When You Are Your Own First Responder — Setting Up a Rural Home Defense Rifle

By Hunt Fish Shoot
Posted in #Gear
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When You Are Your Own First Responder — Setting Up a Rural Home Defense Rifle

May 27th, 2022

6:09 runtime

Your closest neighbor is miles away and the closest law enforcement is the lone sheriff’s deputy, state trooper or small village police department in the next county over. You are the sole defender of your household or your property with someone or multiple attackers posing the harm of serious injury or death upon you and your loved ones. How do you defend yourself? How do you hold out until help arrives? Law enforcement response is 15 minutes at a minimum if you are lucky, so how will you protect yourself?

Man shooting an AR rifle from under a farm cart
A rifle is often the best defensive weapon choice in a rural setting. Knowing how to equip it to fight effectively in that environment is  important.

These are all thoughts we think should be going through the minds of anyone living in a rural community throughout the United States. If you ask us, it is wise to have a defensive rifle set up to defend yourself in a rural environment.

Ammo from True Shot Gun Club
True Shot generously provided the author with the ammo used in this piece.

Special thanks to the folks at True Shot Gun Club for helping us out with the ammo we used in this article and video. Thank you!

The Foundation

First and foremost, you need to select a quality rifle with the performance and power you need. Obviously, the AR-pattern rifle is just about the best choice for this role. Reasonably priced, powerful and capable of filling the role of a rural defense rifle, it’s a no-brainer for us.

Man shooting a rifle for self defense in a rural setting
The foundation firearm is a critical component of a defensive rifle set-up. The author selected the Springfield Armory SAINT Edge rifle.

But, which one to choose? Our pick is the SAINT Edge 5.56mm from Springfield Armory. Set up with a good balance of very high-quality parts, the rifle is a great performer and shooter. It also is a solid foundation for all the gear we are going to recommend.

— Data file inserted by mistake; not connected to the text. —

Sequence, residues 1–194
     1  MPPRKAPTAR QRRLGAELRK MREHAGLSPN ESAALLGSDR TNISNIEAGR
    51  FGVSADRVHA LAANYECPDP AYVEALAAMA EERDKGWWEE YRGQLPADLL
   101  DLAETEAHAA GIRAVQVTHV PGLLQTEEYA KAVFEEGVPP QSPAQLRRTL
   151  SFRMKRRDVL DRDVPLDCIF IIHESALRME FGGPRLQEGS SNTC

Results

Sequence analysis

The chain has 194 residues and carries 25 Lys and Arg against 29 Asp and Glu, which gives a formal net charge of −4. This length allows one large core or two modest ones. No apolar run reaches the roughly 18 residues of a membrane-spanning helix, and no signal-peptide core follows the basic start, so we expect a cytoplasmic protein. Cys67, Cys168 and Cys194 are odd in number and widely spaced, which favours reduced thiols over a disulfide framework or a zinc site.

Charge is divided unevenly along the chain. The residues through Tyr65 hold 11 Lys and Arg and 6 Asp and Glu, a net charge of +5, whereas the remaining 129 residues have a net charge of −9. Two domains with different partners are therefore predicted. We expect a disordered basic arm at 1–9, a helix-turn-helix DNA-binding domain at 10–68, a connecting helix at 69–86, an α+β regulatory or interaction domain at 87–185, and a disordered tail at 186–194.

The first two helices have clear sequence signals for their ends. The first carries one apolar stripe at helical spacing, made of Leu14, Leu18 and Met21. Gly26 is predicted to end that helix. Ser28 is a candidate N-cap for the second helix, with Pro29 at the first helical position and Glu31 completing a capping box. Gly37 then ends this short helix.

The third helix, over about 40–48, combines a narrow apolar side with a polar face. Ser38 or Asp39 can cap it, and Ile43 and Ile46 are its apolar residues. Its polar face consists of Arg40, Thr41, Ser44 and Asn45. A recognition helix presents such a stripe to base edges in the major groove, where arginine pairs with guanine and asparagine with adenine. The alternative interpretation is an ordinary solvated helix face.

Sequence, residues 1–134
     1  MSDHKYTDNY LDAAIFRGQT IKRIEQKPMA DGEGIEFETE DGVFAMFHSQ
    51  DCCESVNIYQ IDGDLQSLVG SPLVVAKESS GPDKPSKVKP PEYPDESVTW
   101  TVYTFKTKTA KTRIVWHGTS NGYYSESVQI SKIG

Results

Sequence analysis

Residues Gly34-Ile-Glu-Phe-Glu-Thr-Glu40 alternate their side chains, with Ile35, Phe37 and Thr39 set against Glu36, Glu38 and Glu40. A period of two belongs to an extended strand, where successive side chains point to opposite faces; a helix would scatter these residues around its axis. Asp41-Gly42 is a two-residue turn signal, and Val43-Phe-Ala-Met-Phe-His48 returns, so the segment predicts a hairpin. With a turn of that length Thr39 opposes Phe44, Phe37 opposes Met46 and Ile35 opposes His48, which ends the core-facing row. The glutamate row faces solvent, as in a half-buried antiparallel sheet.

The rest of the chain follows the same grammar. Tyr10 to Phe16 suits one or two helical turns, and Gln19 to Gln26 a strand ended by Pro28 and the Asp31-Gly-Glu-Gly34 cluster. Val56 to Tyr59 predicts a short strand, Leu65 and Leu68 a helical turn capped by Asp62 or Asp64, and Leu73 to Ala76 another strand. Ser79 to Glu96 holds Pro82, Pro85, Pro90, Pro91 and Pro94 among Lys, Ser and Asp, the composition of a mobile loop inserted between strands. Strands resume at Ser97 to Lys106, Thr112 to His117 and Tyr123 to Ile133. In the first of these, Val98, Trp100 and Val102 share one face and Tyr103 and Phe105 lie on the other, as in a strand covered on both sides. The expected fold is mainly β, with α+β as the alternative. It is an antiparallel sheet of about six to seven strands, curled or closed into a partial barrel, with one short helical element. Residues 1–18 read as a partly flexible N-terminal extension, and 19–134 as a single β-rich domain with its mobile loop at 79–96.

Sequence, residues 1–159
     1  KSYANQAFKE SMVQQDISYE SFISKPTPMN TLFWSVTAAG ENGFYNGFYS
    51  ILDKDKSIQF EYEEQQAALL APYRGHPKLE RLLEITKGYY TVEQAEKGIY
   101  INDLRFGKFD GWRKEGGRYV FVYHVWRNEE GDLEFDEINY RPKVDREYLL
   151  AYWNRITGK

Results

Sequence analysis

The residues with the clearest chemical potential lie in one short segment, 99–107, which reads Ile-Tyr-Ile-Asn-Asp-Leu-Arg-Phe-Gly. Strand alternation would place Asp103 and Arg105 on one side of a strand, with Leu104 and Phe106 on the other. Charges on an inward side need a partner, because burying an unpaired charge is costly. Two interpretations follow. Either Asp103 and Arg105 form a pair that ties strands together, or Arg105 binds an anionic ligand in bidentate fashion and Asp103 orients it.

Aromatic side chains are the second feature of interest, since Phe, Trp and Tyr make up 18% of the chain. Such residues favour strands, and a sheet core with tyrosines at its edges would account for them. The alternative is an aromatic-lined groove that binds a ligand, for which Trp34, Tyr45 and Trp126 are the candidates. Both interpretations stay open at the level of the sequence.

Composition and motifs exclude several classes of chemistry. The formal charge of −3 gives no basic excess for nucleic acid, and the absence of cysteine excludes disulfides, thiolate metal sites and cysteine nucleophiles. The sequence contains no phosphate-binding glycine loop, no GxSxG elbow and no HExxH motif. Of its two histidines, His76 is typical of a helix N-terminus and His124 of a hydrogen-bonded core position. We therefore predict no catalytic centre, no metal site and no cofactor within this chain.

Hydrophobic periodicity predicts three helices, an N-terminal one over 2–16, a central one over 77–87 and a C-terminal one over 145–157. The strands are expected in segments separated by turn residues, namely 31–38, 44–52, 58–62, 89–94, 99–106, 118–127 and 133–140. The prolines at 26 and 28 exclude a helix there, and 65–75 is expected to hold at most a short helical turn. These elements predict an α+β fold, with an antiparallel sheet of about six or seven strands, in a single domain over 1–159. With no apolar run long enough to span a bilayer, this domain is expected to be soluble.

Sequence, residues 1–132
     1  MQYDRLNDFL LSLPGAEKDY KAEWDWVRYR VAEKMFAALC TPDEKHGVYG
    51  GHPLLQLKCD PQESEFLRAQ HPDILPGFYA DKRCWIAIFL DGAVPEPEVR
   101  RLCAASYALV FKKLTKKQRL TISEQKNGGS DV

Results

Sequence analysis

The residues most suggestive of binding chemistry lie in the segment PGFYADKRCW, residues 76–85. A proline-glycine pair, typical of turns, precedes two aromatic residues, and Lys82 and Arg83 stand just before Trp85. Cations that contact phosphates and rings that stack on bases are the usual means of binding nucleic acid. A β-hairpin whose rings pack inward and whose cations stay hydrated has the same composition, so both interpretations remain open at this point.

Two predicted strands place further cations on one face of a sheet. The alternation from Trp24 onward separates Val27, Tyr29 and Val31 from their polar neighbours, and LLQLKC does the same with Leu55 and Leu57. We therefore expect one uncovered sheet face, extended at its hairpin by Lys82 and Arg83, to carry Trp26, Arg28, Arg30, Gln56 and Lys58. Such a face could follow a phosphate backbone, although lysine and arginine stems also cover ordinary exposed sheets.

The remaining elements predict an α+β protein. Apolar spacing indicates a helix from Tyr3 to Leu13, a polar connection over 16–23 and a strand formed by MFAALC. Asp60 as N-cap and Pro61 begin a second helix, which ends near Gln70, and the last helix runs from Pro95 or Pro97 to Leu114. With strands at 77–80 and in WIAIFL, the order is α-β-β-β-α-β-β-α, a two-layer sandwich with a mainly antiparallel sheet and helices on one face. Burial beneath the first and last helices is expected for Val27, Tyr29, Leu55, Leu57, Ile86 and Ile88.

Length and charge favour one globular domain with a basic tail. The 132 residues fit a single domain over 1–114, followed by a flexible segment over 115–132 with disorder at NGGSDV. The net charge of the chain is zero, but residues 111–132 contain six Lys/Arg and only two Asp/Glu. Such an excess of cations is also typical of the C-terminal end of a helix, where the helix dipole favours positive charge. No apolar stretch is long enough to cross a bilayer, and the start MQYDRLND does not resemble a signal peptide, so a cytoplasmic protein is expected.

Reaching Out

Your rifle needs optics, a weapon-mounted light and a better-than-average trigger. You also need a way to easily carry the rifle.

Aimpoint RDS LVPO on a Springfield SAINT Edge rifle
A red dot sight, like this Aimpoint Duty RDS, works great with a 3x magnifier like this Aimpoint 3X-C. When it is not needed, the magnifier flips to the right.

Regarding your optics choice, outfit your rifle with the best optics you can afford, and they must be set up for your environment. When I think of optics choices, you have only two options for the rural home defense setting. These are a red dot with magnifier or a low power variable optic (LPVO).

We chose an Aimpoint Duty RDS red dot with their 3X-C magnifier and flip mount. Why a red dot and magnifier? Chances are when you engage a threat, it’s going to be close range. However, if you have to extend your capabilities, the magnifier can help you make hits at distance with ease.

Aimpoint RDS with 3x magnifier on a Springfield SAINT Edge AR rifle
The Aimpoint Duty RDS proved to be a fast, accurate aiming device on the SAINT Edge rifle. With the 3x magnifier, it gives you the ability to reach out to farther distances.

A red dot cannot be beaten at close ranges; it’s uncluttered and fast, and the red dot is easy to track in low or no light. With an LPVO, they aren’t quite as user friendly and take a more skilled shooter to use proficiently. However, you can get a lot of performance out of them. But, we feel quite well-served with the Aimpoint and magnifier.

Shooting Shadows

The next vital piece on your rifle is a weapon-mounted light. You cannot positively identify your threat if you cannot see it. Nor can you hit what you can’t see. Lumens and candela go a long way in how far the throw of your light beam is.

Cloud Defensive light mounted to rifle
A white light should be considered a mandatory accessory on all defensive rifles. In a rural setting, you might need one with a tighter beam for more distant illumination.